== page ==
Under the Influence

The news this past week told about an Israeli scholar, Benny Shannon, who claims that Moses must have been under a hallucinogenic substance when he saw God in a burning bush and when he received the Ten Commandments. This, of course, is not a new theory, nor are many researchers even sure that the person of Moses ever existed. What makes this interesting is that the likely substance (ayahuasca) was named and that this all comes from the Holy Land itself. Local anthropologists in Israel have for a long time also claimed that events described in the Hebrew Bible could not have happened in the order they are presented. New towns and cities were built on top of old ruins, not the other way around. Had this all been published by Western scholars in Europe or especially in the United States, the religious right and Ultra-Orthodox Jews would have been crying blasphemy, reacting the same way Muslims have done to the Danish drawings depicting the image of Mohammed.

Many religious experiences and visions have long been linked to the use of psychedelic substances. Even in our country the Native People are allowed to use mescaline in their ceremonies. Spiritual leaders or shamans of people of Lapland and other Arctic areas have used mildly toxic fly mushrooms for ages. I remember having an Indo-Chinese mushroom dinner in Amsterdam the night before a recital at the Concertgebow and spending most of the night on the ceiling of the hotel room, looking down at my body. Unfortunately, that also made me physically ill and it was hard playing after throwing up all day. The concert still went fine. And remembering that this was Amsterdam, I shouldn't have been shocked.

Many now strictly illegal drugs were commonplace just a century ago, so it is hard to know how great a role they played not only in the world of heavenly visions, but also in artistic ones. Wine was often spiked with cocaine or Bayer Pharmaceutical's main product, heroin. Knowing how many artists, performing and creative alike, use these now forbidden substances and cannabis regularly, in the past it must have been much more widespread. There was no stigma attached to it then as there is none today to alcohol or nicotine, although drinking during the short-lived prohibition of course was a criminal activity. It also lead to the Mafia's rise to immense power in America. In Germany, Bayer had to decide whether to invest in Aspirin or Heroin, in both of which it held patents, and chose the latter as it showed more promise in relieving pain and suffering, not to mention women's "hysteria".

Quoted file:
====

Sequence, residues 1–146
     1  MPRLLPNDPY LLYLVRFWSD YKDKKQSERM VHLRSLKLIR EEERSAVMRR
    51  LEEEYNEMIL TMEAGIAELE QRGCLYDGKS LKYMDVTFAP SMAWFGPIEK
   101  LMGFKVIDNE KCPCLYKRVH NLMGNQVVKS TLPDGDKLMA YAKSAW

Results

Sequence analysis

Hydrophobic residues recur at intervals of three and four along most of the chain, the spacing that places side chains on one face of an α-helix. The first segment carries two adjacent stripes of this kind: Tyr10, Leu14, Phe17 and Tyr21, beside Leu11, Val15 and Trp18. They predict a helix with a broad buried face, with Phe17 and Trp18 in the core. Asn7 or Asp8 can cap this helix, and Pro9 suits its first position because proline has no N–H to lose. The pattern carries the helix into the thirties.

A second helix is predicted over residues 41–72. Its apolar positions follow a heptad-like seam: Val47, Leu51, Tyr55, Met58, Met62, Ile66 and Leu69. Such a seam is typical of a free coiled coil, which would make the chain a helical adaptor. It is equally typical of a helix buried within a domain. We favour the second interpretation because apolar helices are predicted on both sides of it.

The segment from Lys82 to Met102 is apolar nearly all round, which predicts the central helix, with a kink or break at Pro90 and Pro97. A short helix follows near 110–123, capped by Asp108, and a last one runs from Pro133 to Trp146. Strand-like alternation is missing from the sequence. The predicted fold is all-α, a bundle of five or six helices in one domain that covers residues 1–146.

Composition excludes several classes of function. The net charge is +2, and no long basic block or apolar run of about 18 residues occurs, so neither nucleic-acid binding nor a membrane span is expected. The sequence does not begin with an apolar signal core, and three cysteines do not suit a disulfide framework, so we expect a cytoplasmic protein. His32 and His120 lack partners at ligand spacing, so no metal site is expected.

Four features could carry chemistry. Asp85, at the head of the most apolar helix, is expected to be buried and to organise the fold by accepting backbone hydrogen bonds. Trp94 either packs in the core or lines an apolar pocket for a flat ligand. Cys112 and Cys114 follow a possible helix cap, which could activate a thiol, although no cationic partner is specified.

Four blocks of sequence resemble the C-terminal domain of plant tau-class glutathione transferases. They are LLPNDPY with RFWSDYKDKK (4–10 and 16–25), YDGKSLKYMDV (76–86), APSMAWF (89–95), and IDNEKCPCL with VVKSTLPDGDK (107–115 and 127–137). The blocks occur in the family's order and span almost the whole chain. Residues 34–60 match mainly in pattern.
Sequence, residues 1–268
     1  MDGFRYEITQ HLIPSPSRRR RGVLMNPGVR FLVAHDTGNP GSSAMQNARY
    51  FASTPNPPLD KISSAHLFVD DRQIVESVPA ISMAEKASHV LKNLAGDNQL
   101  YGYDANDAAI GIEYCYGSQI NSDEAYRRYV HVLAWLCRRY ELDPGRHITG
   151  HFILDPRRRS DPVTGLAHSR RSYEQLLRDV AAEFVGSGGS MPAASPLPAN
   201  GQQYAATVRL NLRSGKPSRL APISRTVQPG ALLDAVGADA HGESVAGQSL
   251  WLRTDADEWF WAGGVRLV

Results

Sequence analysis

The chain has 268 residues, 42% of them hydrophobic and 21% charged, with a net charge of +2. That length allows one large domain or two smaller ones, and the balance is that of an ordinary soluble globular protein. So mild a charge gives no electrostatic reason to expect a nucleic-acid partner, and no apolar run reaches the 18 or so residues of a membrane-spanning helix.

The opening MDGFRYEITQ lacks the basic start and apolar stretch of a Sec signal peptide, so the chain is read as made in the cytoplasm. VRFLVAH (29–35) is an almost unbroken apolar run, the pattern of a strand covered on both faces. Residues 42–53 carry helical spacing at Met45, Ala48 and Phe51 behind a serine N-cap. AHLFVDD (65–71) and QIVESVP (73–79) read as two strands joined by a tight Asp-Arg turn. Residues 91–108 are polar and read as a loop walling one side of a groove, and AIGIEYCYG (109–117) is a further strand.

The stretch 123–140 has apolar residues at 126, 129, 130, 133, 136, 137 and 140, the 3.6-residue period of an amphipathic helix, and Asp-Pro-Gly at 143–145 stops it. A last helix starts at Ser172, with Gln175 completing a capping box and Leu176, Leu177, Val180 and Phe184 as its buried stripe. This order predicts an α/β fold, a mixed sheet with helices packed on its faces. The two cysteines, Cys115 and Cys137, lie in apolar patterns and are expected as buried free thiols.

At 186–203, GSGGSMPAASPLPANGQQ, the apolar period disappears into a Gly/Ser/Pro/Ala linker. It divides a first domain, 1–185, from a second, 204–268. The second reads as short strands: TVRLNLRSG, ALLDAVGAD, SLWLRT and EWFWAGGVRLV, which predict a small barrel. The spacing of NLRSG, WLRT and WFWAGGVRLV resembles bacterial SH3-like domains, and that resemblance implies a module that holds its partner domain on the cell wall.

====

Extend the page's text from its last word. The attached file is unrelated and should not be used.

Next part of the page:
Musicians and other performing artists often self-medicate to counter the fear of being in front of other people, or to counter the terror a sadistic boss spreads around him. I know great instrumentalists and colleagues who reek of marijuana every time they play and the odor is still lingering in almost any workplace that isn't well ventilated, such as an orchestra pit. If it helps the artists do better, I don't have a problem with it, in spite of cannabis being labeled as a Schedule I illegal substance. Others take pills for their nerves, Valium or other such calmatives, or resort to a drink, an old and trusted method. Doing my "Arbeit Macht Frei" years I would often carry a flask and take a sip before a potentially unpleasant situation. The medical alternative of pills would make me too sleepy, and driving a car while the drugs were in my system would have been dangerous. The alcohol in a small drink of Finlandia would be out of my system well before the service was over, unlike Valium which would slow down my reflexes even eight hours later. Of course, there is such a thing as an alcoholic, but then we are talking about a serious illness. However, some of them have done well in the world of arts, as conductors or composers (my countryman Sibelius was supposedly capable of drinking anyone else under the table).

In a totally different category is a rather pit-iful conductor taking pills for another condition, perhaps in order to be able to please a girlfriend or a critic. Often I wonder if the "Maestro Viagra" or "Sir Cialis" is just trying to transform himself, in his own mind, from impotent to omnipotent.

"Burning Bush" © Ted Larson
"Sibelius Finlandia"
© Ilkka Talvi